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Quoth one,' A rarer man than you

• In pulpit none shall hear :
• But yet, methinks, to tell you true,

• You sell it plaguy dear.'

O why are farmers made so coarse,

Or clergy made so fine?
A kick, that scarce would move a horse,

May kill a sound divine.

Then let the boobies stay at home;

'Twould cost him, I dare say, Less trouble taking twice the sum, Without the clowns that

pay.

SONNET

ADDRESSED TO HENRY COWPER. ESQ.

On his emphatical and interesting Delivery of the Defence of

Warren Hastings, Esq. in the House of Lords.

COWPER, whose silver voice, task'd sometimes hard,

Legends prolix delivers in the earg

(Attentive when thou read’st) of England's peers, Let verse at length yield thee thy just reward.

Thou wast not heard with drowsy disregard,

Expending late on all that length of plea
Thy generous powers; but silence honour'd thee,
Mute as e'er gazed on orator or basd.

Thou art not voice alone, but hast beside

Both heart and head : and couldst with music sweet

Of Attic phrase and senatorial tone,
Like thy renown'd forefathers, far and wide
Thy fame diffuse, praised not for utterance moet
Of others' speech, but magic of thy own.

H

LINES

ADDRESSED TO DR. DARWIN,

Author of « The Botanic Garden.'

Two Poets* (poets, by report,

Not oft so well agree),
Sweet Harmonist of Flora's court!

Conspire to honour Thee.

They best can judge a poet's worth,

Who oft themselves have known
The pangs of a poetic birth

By labours of their own.

We therefore, pleased, extol thy song,

Though various, yet complete,
Rich in embellishment, as strong

And learned as 'tis sweet.

No envy mingles with our praise,

Though, could our hearts repine
At any poet's happier lays,

They would-they must at thine.

But we, in mutual bondage knit

Of friendship's closest tie,
Can gaze on even Darwin's wit

With an unjaundiced eye;
And deem the bard, whoe'er he be,

And howsoever known,
Who would not twine a wreath for Thee,

Unworthy of his own.

* Alluding to the poem by Mr. Hayley, which accompanied these lines.

ON

MRS. MONTAGU'S FEATHER

HANGINGS. The birds put off their every hue, To dress a room for Montagu.

The Peacock sends his heavenly dyes, His rainbows and his starry eyes; The Pheasant plumes, which round infold His mantling neck with downy gold ; The Cock his arch'd tail's azure show; And, river-blanch'd, the swan his snow. All tribes beside of Indian name, That glossy shine, or vivid flame, Where rises, and where sets the day, Whate'er they boast of rich and gay. Contribute to the gorgeous plan, Proud to advance it all they can. This plumage neither dashing shower, Nor blasts, that shake the dripping bower, Shall drench again or discompose, But, screen'd from every storm that blows, It boasts a splendour ever new, Safe with protecting Montagu.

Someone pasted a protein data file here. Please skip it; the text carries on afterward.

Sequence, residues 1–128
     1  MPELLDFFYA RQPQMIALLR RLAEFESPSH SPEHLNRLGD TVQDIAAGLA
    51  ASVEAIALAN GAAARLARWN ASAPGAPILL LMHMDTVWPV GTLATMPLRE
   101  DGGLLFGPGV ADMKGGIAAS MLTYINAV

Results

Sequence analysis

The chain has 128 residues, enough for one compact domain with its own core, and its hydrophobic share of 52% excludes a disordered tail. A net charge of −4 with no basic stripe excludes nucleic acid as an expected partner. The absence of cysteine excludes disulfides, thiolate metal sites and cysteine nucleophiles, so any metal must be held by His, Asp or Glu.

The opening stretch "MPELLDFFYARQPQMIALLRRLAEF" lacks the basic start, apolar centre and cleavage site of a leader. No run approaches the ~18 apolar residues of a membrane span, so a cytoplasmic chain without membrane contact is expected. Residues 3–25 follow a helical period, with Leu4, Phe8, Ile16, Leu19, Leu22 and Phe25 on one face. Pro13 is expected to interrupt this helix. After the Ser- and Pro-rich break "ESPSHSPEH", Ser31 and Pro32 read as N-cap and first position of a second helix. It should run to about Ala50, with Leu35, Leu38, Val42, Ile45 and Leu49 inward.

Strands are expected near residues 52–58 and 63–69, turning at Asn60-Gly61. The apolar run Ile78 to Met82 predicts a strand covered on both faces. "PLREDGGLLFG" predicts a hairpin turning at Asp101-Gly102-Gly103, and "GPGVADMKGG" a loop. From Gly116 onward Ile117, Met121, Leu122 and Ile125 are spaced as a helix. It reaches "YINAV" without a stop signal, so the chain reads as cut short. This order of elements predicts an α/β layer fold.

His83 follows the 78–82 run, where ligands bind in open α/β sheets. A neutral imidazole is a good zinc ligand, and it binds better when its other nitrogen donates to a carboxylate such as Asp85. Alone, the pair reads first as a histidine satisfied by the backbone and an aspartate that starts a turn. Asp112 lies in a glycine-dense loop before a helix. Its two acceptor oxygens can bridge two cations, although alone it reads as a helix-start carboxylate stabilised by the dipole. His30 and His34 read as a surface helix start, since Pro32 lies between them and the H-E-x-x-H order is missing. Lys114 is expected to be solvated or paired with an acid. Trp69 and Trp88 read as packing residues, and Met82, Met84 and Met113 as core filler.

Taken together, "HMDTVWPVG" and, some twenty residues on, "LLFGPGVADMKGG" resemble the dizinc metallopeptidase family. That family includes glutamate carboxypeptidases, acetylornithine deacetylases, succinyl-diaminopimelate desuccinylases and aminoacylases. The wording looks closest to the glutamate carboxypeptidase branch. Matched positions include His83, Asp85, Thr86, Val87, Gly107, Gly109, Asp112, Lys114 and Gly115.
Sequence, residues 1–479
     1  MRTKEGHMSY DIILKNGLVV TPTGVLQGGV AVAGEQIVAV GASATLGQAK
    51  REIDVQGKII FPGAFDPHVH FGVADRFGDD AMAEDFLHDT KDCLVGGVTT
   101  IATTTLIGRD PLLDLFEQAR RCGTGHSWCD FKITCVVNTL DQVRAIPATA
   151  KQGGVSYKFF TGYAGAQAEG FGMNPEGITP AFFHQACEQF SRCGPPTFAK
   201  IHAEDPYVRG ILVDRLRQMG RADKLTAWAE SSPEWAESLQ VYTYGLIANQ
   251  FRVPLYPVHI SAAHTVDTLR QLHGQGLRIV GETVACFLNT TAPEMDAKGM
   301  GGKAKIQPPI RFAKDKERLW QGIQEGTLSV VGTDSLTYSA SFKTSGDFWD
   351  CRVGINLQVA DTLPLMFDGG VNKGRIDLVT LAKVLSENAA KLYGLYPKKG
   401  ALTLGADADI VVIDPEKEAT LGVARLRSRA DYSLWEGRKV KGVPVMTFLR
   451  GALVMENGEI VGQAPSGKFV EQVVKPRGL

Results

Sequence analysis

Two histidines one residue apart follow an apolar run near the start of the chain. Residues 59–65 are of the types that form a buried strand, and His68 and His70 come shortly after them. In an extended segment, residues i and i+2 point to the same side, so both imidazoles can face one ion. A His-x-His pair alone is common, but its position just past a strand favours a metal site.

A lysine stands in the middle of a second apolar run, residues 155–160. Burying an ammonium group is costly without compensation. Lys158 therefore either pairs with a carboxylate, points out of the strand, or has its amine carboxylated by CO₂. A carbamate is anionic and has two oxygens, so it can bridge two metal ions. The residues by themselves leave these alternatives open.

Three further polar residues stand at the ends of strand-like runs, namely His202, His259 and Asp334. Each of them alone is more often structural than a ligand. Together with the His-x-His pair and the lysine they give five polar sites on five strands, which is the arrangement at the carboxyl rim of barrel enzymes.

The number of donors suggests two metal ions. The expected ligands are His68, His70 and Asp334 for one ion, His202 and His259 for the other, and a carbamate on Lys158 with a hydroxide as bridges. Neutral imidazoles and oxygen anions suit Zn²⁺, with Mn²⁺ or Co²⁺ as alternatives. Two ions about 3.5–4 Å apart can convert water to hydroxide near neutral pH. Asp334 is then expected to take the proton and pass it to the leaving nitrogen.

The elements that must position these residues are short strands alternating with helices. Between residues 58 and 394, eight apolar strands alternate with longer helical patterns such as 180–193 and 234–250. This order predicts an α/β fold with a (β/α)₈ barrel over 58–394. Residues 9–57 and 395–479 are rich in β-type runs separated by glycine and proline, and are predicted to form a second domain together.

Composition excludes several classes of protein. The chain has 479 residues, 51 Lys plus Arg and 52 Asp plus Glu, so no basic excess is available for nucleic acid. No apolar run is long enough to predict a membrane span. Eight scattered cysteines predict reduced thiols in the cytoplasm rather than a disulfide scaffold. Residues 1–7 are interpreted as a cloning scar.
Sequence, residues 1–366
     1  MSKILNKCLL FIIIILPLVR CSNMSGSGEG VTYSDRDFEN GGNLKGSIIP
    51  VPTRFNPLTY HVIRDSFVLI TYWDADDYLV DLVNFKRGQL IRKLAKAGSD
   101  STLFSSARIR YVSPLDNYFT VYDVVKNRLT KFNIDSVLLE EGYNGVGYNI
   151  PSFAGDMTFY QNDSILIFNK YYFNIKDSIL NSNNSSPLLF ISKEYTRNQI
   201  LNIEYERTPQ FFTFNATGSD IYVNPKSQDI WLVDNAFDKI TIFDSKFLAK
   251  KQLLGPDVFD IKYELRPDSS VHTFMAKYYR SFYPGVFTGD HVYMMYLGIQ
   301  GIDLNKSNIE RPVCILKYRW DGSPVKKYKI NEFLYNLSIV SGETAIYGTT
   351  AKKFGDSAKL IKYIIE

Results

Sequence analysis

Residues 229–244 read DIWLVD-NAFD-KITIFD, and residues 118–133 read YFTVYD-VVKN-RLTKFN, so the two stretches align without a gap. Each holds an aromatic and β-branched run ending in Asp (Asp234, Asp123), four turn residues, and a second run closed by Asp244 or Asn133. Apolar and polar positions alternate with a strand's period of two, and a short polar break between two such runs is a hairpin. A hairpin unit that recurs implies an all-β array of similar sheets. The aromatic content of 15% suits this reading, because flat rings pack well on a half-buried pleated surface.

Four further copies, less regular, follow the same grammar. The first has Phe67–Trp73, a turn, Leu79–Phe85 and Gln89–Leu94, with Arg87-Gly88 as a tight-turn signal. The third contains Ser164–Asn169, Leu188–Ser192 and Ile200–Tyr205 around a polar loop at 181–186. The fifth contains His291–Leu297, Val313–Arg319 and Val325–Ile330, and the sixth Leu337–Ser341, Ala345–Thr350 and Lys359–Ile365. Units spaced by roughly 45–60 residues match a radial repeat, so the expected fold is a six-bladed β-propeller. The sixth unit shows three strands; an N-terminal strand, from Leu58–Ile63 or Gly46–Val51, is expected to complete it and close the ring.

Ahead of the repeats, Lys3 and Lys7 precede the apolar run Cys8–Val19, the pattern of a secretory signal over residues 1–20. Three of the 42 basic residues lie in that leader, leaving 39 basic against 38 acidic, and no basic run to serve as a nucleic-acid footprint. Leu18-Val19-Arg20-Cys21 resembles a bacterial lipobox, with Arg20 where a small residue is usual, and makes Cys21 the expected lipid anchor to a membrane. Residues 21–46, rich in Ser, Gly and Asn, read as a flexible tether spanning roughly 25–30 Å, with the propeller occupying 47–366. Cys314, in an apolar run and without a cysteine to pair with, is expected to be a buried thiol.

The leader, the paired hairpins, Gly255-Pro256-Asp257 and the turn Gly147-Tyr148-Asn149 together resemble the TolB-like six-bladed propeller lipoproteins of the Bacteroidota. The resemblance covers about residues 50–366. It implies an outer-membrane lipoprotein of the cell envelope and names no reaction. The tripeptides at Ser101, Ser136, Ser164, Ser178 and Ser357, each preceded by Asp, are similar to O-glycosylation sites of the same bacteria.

To the same patroness resort, Secure of favour at her court, Strong Genius, from whose forge of thought Forms rise, to quick perfection wrought, Which, though new-born, with vigour move, Like Pallas springing arm’d from Joven Imagination scattering round Wild roses over furrow'd ground, Which Labour of his frown beguile, And teach Philosophy a smile Wit flashing on Religion's side, Whose fires, to sacred Truth applied, The gem, though luminous before, Obtrude on human notice more,

Like sunbeams on the golden height
Of some tall temple, playing bright-
Well-tutor'd Learning, from his books
Dismiss'd with grave, not haughty, looks,
Their order on his shelves exact,
Not more harmonious or compact
Than that, to which he keeps confined
The various treasures of his mind-
All these to Montagu's repair,
Ambitious of a shelter there.
Their Genius, Learning, Fancy, Wit,
Their ruffled plumage calm refit,
(For stormy troubles loudest roar
Around their flight who highest soar)
And in her eye, and by her aid,
Shine safe without a fear to fade.

She thus maintains divided sway
With yon bright regent of the day;
The plume and poet both, we know,
Their lustre to his influence owe;
And she the works of Phoebus aiding,
Both poet saves and plume from fading.

VERSES

Supposed to be written by Alexander Selkirk, during his solitary

abode in the island of Juan Fernandez.

I.

I am monarch of all I survey,

My right there is none to dispute ;
From the centre all round to the sea,

I am lord of the fowl and the brute.
O solitude! where are the charms

That sages have seen in thy face?
Better dwell in the midst of alarms,

Than reign in this horrible place.

II.

I am out of humanity's reach,

I must finish my journey alone, Never hear the sweet music of speech,

I start at the sound of my own. The beasts, that roam over the plain,

My form with indifference see; They are so unacquainted with man,

Their tameness is shocking to me.

III. Society, friendship, and love,

Divinely bestow'd upon man, 0, had I the wings of a dove,

How soon would I taste you again! My sorrows I then might assuage

In the ways of religion and truth, Might learn from the wisdom of age,

And be cheer'd by the sallies of youth.

IV.

Religion! What treasure untold

Resides in that heavenly word!
More precious than silver and gold,

Or all that this earth can afford.
But the sound of the church-going bell

These valleys and rocks never heard,
Never sigh'd at the sound of a knell,

Or smiled when a sabbath appear'd.

V.

Ye winds, that have made me your sport,

Convey to this desolate shore Some cordial, endearing report

Of a land I shall visit no more. My friends do they now and then send

A wish or a thought after me? O tell me I yet have a friend,

Though a friend I am never to see.

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